South Bay Law Firm | Sales or Plans: A Comparative Account of the ‘New’ Corporate Reorganization – Version 2.0
1551
single,single-post,postid-1551,single-format-standard,ajax_fade,page_not_loaded,,qode_grid_1300,side_area_uncovered_from_content,footer_responsive_adv,hide_top_bar_on_mobile_header,qode-child-theme-ver-1.0.0,qode-theme-ver-10.1,wpb-js-composer js-comp-ver-5.0.1,vc_responsive
 

Sales or Plans: A Comparative Account of the ‘New’ Corporate Reorganization – Version 2.0

Sales or Plans: A Comparative Account of the ‘New’ Corporate Reorganization – Version 2.0

Coat of Arms of York University, Toronto, Canada
Image via Wikipedia

In April, this blog highlighted research done by Seton Hall‘s Stephen Lubben and York University‘s Stephanie Ben-Ishai on similarities and differences between asset sales conducted under the US Bankruptcy Code and those proceeding under the Canadian Companies Creditors’ Arrangement Act (“CCAA”).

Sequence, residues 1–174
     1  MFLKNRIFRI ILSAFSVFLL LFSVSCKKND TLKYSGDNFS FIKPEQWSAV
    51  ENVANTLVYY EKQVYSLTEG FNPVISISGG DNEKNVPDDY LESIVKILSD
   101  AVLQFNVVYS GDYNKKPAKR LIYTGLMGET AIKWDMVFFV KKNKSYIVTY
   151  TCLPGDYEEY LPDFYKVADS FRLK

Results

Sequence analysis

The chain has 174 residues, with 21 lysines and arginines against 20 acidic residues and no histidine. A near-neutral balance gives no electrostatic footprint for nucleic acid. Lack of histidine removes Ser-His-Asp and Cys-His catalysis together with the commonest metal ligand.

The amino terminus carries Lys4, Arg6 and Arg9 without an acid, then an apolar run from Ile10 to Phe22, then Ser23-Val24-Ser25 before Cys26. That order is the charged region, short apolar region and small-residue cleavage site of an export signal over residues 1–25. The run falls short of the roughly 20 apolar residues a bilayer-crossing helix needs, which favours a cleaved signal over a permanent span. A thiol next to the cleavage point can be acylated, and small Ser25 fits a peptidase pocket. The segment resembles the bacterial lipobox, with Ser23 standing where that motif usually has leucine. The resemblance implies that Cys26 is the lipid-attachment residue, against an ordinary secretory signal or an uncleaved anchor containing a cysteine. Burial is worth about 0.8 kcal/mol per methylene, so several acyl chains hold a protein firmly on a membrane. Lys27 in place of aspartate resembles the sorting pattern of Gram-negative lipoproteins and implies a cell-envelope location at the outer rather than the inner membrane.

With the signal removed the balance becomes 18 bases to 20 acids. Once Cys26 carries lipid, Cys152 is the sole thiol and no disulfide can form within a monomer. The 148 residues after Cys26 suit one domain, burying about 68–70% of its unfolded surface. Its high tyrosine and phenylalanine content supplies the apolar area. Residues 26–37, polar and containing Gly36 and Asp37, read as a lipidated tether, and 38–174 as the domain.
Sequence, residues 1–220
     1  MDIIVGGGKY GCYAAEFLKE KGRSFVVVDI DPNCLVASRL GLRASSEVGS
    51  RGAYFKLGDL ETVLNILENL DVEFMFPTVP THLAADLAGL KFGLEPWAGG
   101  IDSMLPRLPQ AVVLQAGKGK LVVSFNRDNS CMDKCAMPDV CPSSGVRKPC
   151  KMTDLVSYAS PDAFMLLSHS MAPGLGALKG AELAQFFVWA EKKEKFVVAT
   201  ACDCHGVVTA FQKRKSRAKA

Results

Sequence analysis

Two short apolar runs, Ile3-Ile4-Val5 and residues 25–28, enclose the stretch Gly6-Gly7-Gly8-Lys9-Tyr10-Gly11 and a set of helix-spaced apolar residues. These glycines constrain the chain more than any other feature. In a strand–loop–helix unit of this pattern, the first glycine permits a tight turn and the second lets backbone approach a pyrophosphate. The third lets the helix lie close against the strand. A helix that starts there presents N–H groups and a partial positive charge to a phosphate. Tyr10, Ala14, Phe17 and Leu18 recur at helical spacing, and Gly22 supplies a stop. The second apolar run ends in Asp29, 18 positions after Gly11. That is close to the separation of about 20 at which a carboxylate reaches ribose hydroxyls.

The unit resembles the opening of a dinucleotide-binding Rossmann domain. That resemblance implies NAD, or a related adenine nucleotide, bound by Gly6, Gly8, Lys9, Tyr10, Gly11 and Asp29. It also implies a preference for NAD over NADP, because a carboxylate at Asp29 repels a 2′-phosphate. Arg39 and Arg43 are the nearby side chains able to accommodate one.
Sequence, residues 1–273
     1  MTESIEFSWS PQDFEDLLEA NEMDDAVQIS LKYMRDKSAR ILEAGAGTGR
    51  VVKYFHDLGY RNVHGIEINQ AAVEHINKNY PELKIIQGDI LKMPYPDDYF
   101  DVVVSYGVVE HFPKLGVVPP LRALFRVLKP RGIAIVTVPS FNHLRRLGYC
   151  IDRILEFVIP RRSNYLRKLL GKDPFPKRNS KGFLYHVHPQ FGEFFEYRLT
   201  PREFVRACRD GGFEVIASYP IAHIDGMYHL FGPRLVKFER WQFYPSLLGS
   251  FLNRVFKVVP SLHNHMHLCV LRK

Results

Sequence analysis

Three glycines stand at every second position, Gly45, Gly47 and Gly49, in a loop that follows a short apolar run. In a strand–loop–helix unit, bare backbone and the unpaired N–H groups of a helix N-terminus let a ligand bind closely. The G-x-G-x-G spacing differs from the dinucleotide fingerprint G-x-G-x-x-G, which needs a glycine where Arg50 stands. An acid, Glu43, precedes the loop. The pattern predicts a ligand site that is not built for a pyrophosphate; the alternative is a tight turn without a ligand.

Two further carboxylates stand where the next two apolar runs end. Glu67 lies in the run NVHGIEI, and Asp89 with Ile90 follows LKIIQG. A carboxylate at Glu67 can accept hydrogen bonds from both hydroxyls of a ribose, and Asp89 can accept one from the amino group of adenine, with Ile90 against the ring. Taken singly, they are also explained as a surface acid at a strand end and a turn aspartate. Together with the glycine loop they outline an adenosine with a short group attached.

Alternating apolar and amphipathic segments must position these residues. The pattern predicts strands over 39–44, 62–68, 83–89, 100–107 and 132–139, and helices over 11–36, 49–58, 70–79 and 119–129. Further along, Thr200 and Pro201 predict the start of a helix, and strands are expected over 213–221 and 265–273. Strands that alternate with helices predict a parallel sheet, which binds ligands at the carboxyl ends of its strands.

Last week, the authors offered a revised version of their earlier work, available here.  As noted by the authors’ abstract:

Ultimately, . . . questions of speed and certainty mark the biggest difference between [asset sales in the US and Canada], as the American approach [to asset sales] offers greater flexibility, which is apt to facilitate quicker . . . sales.  However, . . . the Canadian approach also provides significant benefits, particularly in the realm of employee protection and the ability of the monitor to act as an independent check on quick sales proceedings. . . . [W]hile the American approach is advantageous in situations with exceptional time constraints, the Canadian approach under the . . . CCAA is more beneficial for a typical corporate reorganization, insofar as the role of the monitor and other limitations of the CCAA will prevent overuse of the quick sales process.

Enhanced by Zemanta
No Comments

Post A Comment